close-up of suit and tie

Decoding Interview Dress Codes with Summer Work Clothes

By iHire

If you’re in the market for a new job, then interviewing is a natural and inevitable part of the process. When interviewing in the midst of the summer heat, you might be wondering how to be professional and comfortable at the same time. After all, you don’t want hiring managers to see you sweat for any reason. Use the following tips as guidelines to help you determine the best approach to selecting summer work clothes, so you create an excellent first impression when you walk into the interview room.

 

Avoid Heavy Fabrics and Dark Colors for Summer Work Clothes

Dark colors typically absorb heat. Fortunately, business casual summer work clothes often come in lighter colors. Select a light-to-medium gray color or deep blue color over black or dark navy, respectively, when dealing with the summer heat.

Fabric is also key when it comes to selecting summer work clothes. Cotton, cotton blends, and linen fabrics are typically more breathable and keep you cooler than polyester or wool blends. You’ll find several options for women’s summer work clothes and men’s summer work clothes in these fabrics. Also, even though silk blends can be a more refreshing option during the summer, they easily show sweat under the arms and in other areas, so avoid these fabrics for a summer interview.

 

smiling employee

 

Avoid Clothing That’s Too Tight or Fitted

Clothing that’s too tight should be avoided in the workplace whether you’re interviewing or not. Even if your summer work clothes don’t appear too tight to the naked eye, if they feel tight or too fitted, they can be uncomfortable because they trap in heat and cling to your skin when you sweat. Go with an outfit that fits you well and you feel comfortable in to help combat the summer heat on interview day.

 

Ask Someone at the Company About the Dress Code

If you’re uncertain what to wear for your interview, ask the recruiter or hiring manager what they would recommend or what the dress code is for the company. Some organizations might expect a full-on suit, even during the summer, and you don’t want to miss the mark.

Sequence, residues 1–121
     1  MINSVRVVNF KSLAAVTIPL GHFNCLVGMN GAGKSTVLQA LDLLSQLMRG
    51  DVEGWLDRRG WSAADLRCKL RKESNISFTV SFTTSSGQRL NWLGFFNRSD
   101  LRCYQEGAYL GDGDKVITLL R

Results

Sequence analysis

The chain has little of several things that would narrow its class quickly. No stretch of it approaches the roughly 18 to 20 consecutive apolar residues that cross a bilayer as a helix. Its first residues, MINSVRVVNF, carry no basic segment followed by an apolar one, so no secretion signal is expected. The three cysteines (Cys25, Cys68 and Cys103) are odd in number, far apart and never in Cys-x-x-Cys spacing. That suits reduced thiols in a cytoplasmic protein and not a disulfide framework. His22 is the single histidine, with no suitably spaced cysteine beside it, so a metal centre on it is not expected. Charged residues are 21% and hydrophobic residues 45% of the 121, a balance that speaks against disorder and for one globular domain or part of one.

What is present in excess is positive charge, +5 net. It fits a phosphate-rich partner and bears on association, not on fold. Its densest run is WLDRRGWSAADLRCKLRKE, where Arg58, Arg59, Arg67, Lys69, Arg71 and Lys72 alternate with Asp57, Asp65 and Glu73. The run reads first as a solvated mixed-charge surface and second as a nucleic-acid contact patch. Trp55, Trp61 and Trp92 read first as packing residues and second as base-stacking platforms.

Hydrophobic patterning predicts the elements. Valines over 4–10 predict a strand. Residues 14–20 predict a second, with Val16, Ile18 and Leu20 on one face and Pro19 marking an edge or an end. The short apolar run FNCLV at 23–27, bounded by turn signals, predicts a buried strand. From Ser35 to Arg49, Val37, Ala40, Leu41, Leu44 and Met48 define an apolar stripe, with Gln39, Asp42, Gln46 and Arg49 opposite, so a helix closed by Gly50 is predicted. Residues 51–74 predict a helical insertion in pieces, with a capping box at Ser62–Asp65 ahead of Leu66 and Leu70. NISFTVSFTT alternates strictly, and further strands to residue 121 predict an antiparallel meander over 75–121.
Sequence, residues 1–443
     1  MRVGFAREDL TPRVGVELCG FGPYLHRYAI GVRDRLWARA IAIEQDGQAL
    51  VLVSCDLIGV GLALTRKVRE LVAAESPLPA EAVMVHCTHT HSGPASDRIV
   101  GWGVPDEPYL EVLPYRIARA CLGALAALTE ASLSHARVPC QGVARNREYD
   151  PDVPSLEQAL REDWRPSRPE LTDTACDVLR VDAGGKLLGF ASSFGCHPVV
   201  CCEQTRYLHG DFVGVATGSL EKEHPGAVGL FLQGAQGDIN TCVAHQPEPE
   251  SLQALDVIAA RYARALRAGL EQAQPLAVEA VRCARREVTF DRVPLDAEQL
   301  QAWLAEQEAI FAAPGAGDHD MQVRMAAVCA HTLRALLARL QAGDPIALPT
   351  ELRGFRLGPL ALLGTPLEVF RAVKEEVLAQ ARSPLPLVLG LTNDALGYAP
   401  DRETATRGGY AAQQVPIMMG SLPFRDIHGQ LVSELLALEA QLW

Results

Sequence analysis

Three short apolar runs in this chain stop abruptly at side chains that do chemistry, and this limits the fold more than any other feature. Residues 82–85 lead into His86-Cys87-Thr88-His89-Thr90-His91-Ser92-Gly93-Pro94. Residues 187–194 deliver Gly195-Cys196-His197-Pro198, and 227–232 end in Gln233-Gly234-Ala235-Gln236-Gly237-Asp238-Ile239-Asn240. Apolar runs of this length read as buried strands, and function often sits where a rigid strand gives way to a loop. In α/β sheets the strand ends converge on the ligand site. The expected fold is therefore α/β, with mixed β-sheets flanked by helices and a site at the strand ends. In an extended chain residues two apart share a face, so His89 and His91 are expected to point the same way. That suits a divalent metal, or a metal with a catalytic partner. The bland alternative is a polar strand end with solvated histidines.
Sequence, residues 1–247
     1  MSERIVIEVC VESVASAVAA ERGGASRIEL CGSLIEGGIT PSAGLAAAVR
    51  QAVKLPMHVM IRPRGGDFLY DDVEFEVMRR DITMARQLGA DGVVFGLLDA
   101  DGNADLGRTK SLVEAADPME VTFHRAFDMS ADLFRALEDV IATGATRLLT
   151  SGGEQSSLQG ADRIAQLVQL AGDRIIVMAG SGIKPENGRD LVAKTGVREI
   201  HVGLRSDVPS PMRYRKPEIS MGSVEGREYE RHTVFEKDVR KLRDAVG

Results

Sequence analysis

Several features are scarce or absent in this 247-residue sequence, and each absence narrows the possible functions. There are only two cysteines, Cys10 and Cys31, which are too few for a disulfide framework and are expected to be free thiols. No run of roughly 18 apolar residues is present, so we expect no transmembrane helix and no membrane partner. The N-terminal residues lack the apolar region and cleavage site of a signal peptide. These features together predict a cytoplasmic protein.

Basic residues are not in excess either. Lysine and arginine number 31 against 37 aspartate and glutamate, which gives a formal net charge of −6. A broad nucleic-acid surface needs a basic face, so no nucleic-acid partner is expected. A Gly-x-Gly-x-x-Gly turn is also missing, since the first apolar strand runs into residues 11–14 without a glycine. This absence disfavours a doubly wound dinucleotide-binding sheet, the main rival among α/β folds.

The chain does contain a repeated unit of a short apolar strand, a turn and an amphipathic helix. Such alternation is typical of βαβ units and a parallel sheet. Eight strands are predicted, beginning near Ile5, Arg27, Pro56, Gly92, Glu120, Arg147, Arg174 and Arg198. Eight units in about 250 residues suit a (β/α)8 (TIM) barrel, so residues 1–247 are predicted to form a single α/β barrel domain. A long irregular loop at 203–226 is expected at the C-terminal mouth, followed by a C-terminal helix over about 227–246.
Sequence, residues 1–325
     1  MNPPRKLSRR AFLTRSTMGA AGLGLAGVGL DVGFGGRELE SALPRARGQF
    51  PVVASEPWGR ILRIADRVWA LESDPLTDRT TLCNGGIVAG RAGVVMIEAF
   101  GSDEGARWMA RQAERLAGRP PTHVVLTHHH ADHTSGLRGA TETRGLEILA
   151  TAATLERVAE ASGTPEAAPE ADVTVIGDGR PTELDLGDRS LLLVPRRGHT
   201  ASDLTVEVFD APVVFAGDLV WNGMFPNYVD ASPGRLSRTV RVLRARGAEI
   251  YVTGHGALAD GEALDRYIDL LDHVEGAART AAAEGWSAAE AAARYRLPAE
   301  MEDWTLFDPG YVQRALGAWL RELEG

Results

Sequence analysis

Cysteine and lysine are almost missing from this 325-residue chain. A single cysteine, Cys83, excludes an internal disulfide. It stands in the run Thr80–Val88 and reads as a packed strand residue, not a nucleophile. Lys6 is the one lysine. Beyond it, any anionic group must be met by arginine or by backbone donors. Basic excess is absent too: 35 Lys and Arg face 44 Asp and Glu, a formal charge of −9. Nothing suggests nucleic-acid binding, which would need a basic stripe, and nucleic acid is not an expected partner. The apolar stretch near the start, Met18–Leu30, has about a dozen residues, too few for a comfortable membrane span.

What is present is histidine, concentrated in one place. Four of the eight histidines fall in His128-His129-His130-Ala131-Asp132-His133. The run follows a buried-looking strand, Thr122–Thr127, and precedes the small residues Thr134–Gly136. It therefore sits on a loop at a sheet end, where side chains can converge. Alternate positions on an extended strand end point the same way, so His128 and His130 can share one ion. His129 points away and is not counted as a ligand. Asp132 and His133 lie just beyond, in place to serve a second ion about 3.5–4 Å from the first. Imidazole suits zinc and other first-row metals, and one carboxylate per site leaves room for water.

It’s usually better to be overdressed than underdressed, so if the dress code is business casual, play it safe by selecting summer business casual clothes that are at least a level or two above the typical dress code of the organization. Short sleeves are probably fine as a business casual option during the summer, but always avoid tank tops, jeans, shorts, sandals or flip flops, and low-cut tops for interviews.

 

businessman holding jacket

 

Carry Your Suit Jacket with You

If you opt to wear a suit jacket for your interview, carry it with you and don’t put it on until right before you enter the building. Consider keeping it on the hanger until you get out of your vehicle to avoid wrinkling it beforehand.

 

employee reviewing paperwork

 

Prepare Ahead of Time

Whether you’re interviewing in the winter or the summer, preparation is essential. Check the weather and select an outfit based on the forecast. Have a safety kit with you as well that includes items like a bottle of water, make-up for touch-ups, paper towels to soak up sweat, and wrinkle releaser spray.

 

Anytime you’re interviewing for a job and have to deal with hot summer temperatures, use these tips to prepare. Doing so will ensure you can focus on the interview questions and not your wardrobe.

 

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